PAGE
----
Like first arms 96, second arms 98 are cantilevered outwardly from central section 90 thus have a radially inner end 102 secured to section 90 such that each arm extends radially outwardly to a terminal radial outer end 104. Each arm 98 has apair of opposed radially extending parallel sides 106 extending from inner end 102 to outer end 104. A radially elongated slot or key way 108 is formed in each arm 98 extending from front surface 89 to back surface 91 such that each arm 98 includes aninner segment 110, an outer segment 112, and a pair of opposed side segments 114 extending therebetween such that the four segments circumscribe and define key way 108. Inner segment 110 has a radially outwardly facing surface 116 which faces a radiallyinwardly facing surface 118 of outer segment 112 whereby inner and outer surfaces 116 and 118 form opposed ends of key way 108. The side segments 114 of each arm 98 have radially elongated parallel surfaces 120 which face one another and extend fromsurface 116 to surface 118 perpendicular thereto and parallel to sides 106. Surfaces 116 and 118 define therebetween a radially extending length L4 (FIG. 7) of key way 108. Opposed surfaces 120 define therebetween a width W2 of key way 108 which in theexemplary embodiment is substantially less than length L4. A pair of through holes 122 are formed in outer segment 112 from outer end 104 to surface 118 and receive therein cylindrical spring mounts 124 for mounting thereon respective springs 126 suchthat springs 126 extend radially inwardly from spring mounts 124 respectively. A circumferentially extending hole 128 is formed in outer segment 112 extending from one side 106 to the other side 106 and through spring mounts 124 such that a bolt 130 isinserted therethrough and threadedly engages a threaded section of hole 128 in order to secure spring mounts 124 to outer segment 112 within holes 122.

Base 66 further includes three torque transfer members 132 each of which is rigidly secured to and extends rearwardly from rear surface 91 of base plate 88. Each transfer member 132 is in the form of a radially elongated arm which is parallelto and adjacent one side of the respective arm 96. Each transfer member 132 has an inner end 134 adjacent central section 90 which serves as a contact surface or torque transfer surface as discussed further below.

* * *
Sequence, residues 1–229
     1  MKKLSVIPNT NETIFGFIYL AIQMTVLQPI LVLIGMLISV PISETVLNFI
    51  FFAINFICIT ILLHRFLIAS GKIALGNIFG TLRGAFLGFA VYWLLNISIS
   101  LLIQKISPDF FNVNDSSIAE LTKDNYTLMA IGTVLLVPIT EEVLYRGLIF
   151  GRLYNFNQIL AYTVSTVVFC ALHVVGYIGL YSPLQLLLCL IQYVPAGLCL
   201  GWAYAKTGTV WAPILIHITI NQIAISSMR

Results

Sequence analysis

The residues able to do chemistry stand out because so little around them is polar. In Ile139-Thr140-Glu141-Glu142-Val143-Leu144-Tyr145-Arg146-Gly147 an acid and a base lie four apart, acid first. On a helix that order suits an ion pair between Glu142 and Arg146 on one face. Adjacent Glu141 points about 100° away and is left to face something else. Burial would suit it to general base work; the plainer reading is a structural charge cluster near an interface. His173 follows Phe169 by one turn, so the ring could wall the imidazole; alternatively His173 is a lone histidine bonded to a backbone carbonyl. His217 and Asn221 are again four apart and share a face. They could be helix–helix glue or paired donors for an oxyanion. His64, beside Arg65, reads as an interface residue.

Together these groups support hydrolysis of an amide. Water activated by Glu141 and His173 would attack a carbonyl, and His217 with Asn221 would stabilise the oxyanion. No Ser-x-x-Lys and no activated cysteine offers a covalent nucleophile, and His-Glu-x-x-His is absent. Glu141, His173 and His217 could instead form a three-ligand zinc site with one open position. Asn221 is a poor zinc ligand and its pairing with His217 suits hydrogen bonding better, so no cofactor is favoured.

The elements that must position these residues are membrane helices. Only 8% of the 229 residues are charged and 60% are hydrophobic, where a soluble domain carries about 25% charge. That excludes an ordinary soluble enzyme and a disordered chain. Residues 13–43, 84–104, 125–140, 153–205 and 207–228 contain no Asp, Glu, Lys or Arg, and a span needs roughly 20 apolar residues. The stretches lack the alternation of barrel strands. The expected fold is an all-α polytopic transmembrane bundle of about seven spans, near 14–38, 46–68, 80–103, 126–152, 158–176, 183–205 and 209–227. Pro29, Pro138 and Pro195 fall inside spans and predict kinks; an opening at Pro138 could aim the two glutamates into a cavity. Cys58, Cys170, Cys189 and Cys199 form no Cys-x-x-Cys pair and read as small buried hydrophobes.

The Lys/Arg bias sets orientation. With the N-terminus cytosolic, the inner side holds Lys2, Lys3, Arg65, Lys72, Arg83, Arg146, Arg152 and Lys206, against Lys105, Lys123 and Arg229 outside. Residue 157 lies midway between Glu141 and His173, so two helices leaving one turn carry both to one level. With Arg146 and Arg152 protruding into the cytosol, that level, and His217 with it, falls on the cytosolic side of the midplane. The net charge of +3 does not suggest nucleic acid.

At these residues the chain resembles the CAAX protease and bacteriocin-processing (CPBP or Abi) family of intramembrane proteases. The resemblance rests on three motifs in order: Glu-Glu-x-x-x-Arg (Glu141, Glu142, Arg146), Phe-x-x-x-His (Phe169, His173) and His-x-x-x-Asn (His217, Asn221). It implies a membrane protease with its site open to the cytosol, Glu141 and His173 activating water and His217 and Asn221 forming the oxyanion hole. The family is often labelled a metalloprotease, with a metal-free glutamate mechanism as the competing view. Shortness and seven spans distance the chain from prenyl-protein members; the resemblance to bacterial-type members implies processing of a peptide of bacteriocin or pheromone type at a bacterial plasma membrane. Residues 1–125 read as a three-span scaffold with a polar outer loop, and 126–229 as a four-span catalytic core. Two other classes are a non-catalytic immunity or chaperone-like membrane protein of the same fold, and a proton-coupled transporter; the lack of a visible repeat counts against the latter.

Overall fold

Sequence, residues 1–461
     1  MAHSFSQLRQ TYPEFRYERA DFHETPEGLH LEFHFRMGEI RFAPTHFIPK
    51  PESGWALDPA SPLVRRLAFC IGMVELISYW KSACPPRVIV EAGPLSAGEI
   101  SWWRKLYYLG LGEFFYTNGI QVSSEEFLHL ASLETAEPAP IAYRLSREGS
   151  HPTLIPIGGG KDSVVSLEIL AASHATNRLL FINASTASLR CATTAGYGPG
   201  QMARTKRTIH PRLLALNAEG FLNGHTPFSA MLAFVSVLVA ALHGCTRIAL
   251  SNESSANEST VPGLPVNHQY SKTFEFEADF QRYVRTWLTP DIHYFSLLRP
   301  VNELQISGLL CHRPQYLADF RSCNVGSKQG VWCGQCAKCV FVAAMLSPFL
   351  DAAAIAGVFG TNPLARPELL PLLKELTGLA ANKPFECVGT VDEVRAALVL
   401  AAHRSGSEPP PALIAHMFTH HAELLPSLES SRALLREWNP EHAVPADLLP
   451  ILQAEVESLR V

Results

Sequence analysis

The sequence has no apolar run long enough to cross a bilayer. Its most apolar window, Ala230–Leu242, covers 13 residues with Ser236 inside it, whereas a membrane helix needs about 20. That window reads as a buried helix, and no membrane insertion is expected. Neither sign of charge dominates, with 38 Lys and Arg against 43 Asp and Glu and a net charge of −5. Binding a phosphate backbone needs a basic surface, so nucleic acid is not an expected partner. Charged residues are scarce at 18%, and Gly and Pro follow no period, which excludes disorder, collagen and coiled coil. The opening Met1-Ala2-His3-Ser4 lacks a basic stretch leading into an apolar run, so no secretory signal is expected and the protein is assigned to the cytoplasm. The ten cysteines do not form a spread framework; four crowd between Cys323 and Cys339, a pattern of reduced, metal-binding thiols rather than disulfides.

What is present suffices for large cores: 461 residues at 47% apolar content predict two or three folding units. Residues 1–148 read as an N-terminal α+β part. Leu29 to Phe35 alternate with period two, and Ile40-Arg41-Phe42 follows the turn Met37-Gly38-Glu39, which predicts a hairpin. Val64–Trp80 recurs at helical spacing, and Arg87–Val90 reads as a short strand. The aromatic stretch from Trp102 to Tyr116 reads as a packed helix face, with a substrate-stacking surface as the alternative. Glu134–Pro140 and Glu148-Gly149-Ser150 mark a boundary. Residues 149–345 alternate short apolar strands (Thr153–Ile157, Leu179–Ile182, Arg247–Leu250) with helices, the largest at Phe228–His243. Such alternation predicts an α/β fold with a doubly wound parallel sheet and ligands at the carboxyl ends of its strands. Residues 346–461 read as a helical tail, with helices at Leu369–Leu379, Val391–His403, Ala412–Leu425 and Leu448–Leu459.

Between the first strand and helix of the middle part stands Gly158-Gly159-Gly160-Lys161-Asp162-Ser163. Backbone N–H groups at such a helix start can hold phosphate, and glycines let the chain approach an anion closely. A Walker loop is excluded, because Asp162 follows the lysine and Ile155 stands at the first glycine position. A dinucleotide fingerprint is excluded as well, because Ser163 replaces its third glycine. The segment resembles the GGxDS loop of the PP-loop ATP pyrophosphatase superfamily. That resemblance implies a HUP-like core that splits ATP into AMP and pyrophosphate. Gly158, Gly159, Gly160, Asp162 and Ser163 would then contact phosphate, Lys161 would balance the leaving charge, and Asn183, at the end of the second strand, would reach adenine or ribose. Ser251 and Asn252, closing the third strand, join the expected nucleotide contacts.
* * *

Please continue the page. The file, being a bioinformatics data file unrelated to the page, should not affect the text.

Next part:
With primary reference to FIGS. 9-11, base 66 further includes three fixed intermediate cutter mounts 136 and a fixed central pilot cutter mount 138 forward of cutter mounts 136. Cutter mounts 136 and 138 are described as fixed inasmuch as theyare fixed with regard to base plate 88 and the rest of base 66. Each cutter mount 136 includes a generally flat square plate which serves as an outer step 140 which has a rear surface which is rigidly secured to the front surface 89 of a respectivefirst arm 96 and extends forward to a flat forward facing front surface 142 which is vertical and lies in a plane perpendicular to axis X forward of front surface 89. Cutter mount 136 further includes a second or intermediate step 144 which is rigidlysecured adjacent its radial outer end and along its rear surface to front surface 142 of step 140 adjacent its radial inner end. Step 144 thus steps forward to a flat forward facing front surface 146 which is vertical and lies in a plane perpendicularaxis X forward of front surface 142. A generally circular annular plate serves as an inner step 148 which is secured along its outer perimeter to front surface 146 of step 144 adjacent its radial inner end. Step 148 thus steps forward from step 144 toa flat annular front surface 150 which is vertical and lies in a plane perpendicular to axis X whereby front surface 150 is parallel to surfaces 146, 142, 89 and 91. Each cutter mount 136 further includes a pair of opposed flat side plates 152A and 152Bwhich are rigidly secured to the opposed sides of step 140 and step 144. Each side plate has a generally L-shaped configuration made up of a shorter leg 154 which is rigidly secured to and extends forward from front surface 89 of arm 96 and forward offront surface 142, and a longer leg 156 which is rigidly secured to the forward end of shorter leg 154 and extends radially inwardly therefrom to a rigid connection with annular step 148 along its outer perimeter. Side plates 152A and 152B are parallelto one another and perpendicular to surfaces 89, 91, 142, 146 and 150. Step 144 has a flat rearward facing rear surface 158 which is substantially coplanar with front surface 142 of outer step 140 and is spaced forward of front surface 89 whereby rearsurface 158 and front surface 89 of each respective first arm 96 define therebetween a narrower section 160 of a cam-receiving space having an axially extending width W3 (FIG. 11) defined between surfaces 89 and 158. Annular step 148 has a flat rearwardfacing rear surface 162 which is substantially coplanar with front surface 146 of step 144 so that rear surface 162 and front surface 89 of a respective arm 96 define therebetween a wider section 164 of the cam-receiving space which communicates with andextends radially inward from narrower section 160. Rear surface 162 and front surface 89 define therebetween an axial width W4 (FIG. 11) of wider section 164 which is thus greater than width W3.